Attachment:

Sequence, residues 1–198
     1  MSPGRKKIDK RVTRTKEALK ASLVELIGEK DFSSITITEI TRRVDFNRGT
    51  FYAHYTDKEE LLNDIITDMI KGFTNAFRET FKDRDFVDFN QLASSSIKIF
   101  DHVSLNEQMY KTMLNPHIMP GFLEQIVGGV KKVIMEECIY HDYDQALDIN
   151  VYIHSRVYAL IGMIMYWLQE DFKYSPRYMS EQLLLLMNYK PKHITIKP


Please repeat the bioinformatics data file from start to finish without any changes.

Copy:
Sequence, residues 1–198
     1  MSPGRKKIDK RVTRTKEALK ASLVELIGEK DFSSITITEI TRRVDFNRGT
    51  FYAHYTDKEE LLNDIITDMI KGFTNAFRET FKDRDFVDFN QLASSSIKIF
   101  DHVSLNEQMY KTMLNPHIMP GFLEQIVGGV KKVIMEECIY HDYDQALDIN
   151  VYIHSRVYAL IGMIMYWLQE DFKYSPRYMS EQLLLLMNYK PKHITIKP